Decapitated Worms Regrow Their Brains

No head? No problem. This ribbon worm (Tubulanus sexlineatus) regrew its amputated head, which is lighter than the rest of its body. (Image credit: Terra C. Heibert)

For some worm species, decapitation is no big deal — they just grow a new head.

But far from this superpower being an ancient skill, a recent study suggests that this ability is a relatively recent adaptation, at least evolutionarily speaking.

Regeneration is unusual in animals, but the species that can do it are sprinkled throughout the animal kingdom, and include sea stars, hydras, fish, frogs, salamanders and spiders, as well as worms. Regrowing body parts was long thought to be an ancient trait, with diverse animals tracing the ability to a distant shared ancestor that likely emerged hundreds of millions of years ago.

But for some species of marine ribbon worms, the capacity to regrow severed heads and brains traces back to only 10 million to 15 million years ago — making it a far more recent adaptation than previously thought, scientists found. [In Photos: Worm Grows Heads and Brains of Other Species]

In the study, researchers compiled data on 35 species of ribbon worms in the phylum Nemertea, snipping heads and tails from individuals in 22 species. They discovered that all of the species could regrow an amputated tail, "but surprisingly few could regenerate a complete head," the scientists wrote in the study. (All of the headless worms did survive for weeks or months after their decapitation, however.)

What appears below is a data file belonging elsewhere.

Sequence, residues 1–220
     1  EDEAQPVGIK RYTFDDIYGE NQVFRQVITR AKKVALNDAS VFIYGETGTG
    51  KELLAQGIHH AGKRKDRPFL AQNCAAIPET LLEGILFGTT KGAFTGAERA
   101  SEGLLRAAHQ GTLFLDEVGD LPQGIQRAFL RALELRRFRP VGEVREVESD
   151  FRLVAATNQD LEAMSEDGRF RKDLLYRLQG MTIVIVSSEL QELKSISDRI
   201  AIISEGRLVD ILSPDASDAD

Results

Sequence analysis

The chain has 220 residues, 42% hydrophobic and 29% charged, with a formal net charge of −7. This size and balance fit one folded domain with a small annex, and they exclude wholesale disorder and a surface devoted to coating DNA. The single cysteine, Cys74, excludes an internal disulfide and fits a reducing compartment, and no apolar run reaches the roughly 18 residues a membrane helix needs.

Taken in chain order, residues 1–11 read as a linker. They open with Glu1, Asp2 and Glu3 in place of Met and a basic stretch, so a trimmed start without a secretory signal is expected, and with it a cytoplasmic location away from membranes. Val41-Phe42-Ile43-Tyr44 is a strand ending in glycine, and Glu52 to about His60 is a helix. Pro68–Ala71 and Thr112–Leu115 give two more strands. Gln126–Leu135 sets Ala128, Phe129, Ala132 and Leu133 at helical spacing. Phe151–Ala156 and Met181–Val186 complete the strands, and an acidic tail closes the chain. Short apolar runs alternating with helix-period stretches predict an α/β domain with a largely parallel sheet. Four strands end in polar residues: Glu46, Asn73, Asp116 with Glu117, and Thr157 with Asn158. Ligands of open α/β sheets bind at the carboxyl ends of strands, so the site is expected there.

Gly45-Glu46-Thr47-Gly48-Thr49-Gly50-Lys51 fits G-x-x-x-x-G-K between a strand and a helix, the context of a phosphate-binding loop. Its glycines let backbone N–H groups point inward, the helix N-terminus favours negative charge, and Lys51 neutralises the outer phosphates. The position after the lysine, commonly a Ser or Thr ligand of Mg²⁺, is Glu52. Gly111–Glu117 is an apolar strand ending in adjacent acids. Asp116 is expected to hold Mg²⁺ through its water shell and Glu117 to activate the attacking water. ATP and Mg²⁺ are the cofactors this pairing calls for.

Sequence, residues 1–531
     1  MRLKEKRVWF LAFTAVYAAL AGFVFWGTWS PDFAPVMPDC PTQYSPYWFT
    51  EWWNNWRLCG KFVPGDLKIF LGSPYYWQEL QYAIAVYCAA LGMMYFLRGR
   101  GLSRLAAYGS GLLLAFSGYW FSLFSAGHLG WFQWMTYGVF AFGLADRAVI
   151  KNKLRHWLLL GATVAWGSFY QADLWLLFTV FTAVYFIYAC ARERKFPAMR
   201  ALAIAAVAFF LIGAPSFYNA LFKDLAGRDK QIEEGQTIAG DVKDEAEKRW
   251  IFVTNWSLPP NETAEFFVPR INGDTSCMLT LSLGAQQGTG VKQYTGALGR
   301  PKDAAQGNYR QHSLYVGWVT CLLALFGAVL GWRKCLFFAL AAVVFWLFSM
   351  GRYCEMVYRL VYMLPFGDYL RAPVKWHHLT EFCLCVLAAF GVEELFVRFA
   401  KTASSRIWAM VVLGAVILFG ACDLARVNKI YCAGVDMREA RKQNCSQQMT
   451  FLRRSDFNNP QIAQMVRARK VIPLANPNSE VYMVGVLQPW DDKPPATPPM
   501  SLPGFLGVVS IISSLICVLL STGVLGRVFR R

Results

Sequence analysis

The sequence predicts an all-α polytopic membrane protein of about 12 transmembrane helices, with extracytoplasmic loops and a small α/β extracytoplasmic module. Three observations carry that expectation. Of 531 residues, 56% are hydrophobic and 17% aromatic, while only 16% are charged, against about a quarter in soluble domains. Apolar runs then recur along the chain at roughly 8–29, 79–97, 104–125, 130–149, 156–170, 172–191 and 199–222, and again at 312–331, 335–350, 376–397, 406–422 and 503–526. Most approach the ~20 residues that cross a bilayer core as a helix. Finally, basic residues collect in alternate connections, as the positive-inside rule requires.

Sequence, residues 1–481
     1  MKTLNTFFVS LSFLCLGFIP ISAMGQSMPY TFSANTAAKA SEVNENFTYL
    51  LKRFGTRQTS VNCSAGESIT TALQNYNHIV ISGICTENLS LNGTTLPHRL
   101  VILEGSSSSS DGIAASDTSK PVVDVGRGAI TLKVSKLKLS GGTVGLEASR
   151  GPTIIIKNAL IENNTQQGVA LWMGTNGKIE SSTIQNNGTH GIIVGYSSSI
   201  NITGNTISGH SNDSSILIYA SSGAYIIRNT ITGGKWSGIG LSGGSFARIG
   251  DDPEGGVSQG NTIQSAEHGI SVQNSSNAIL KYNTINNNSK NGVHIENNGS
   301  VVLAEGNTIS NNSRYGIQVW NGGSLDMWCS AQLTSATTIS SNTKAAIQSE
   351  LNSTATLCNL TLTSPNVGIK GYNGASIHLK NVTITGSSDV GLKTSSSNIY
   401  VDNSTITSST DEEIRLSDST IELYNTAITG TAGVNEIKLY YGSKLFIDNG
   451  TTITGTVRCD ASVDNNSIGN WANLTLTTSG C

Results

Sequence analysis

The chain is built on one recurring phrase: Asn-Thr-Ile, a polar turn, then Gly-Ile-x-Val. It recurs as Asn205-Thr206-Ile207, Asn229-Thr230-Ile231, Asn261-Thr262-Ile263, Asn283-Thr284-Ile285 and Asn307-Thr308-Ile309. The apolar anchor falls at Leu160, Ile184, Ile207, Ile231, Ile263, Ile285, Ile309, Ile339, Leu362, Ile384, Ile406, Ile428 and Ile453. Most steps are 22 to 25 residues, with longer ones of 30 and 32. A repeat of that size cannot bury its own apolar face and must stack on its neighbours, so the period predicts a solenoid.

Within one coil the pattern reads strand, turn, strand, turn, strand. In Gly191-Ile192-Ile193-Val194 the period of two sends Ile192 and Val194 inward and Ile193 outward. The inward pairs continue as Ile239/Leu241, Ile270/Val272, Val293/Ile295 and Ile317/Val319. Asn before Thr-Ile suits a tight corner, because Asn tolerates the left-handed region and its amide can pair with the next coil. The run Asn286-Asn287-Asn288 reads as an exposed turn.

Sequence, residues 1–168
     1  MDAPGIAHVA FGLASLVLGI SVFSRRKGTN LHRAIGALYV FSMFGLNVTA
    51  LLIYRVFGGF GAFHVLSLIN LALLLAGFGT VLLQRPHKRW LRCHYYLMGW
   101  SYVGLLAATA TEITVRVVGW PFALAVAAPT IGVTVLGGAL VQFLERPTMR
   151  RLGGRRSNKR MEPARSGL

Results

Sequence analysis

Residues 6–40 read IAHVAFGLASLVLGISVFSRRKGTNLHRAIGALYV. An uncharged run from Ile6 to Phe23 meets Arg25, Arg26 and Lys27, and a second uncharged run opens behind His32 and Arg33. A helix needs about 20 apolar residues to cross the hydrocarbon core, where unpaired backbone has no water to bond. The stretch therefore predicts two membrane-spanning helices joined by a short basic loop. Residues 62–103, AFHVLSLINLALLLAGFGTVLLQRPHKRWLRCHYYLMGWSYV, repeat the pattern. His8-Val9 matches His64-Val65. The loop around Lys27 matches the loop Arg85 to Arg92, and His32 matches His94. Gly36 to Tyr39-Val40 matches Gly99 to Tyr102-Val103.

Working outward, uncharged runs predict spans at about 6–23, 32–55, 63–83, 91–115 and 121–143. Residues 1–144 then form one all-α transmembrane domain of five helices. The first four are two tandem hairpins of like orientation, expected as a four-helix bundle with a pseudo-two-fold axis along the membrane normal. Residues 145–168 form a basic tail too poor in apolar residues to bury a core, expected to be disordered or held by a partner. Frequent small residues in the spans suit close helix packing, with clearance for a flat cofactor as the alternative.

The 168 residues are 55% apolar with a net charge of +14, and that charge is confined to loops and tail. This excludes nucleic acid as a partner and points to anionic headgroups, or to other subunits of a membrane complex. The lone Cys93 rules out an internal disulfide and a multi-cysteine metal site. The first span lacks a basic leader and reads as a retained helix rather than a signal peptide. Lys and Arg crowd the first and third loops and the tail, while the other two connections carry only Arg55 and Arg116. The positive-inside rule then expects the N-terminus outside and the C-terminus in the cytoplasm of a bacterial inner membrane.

Five species of worms were documented regrowing heads and brains: four of them seen doing so for the first time, and one that was previously known for head regeneration. In addition, the researchers found further evidence in earlier studies of head-growing in three more ribbon worm species.

Their results show that the ancestor of all ribbon worms likely couldn't regrow a severed head, and that head-growing arose independently in only a handful of worm species. This also raises important questions about all animals that can regenerate body parts, the researchers wrote.

"When we compare animal groups we cannot assume that similarities in their ability to regenerate are old and reflect shared ancestry," study co-author Alexandra Bely, an associate professor of biology at the University of Maryland, said in a statement.

The findings were published online March 6 in the journal Proceedings of the Royal Society B.

Originally published on Live Science.

Mindy Weisberger
Live Science Contributor

Mindy Weisberger is an editor at Scholastic and a former Live Science channel editor and senior writer. She has reported on general science, covering climate change, paleontology, biology and space. Mindy studied film at Columbia University; prior to Live Science she produced, wrote and directed media for the American Museum of Natural History in New York City. Her videos about dinosaurs, astrophysics, biodiversity and evolution appear in museums and science centers worldwide, earning awards such as the CINE Golden Eagle and the Communicator Award of Excellence. Her writing has also appeared in Scientific American, The Washington Post and How It Works Magazine.  Her book "Rise of the Zombie Bugs: The Surprising Science of Parasitic Mind Control" will be published in spring 2025 by Johns Hopkins University Press.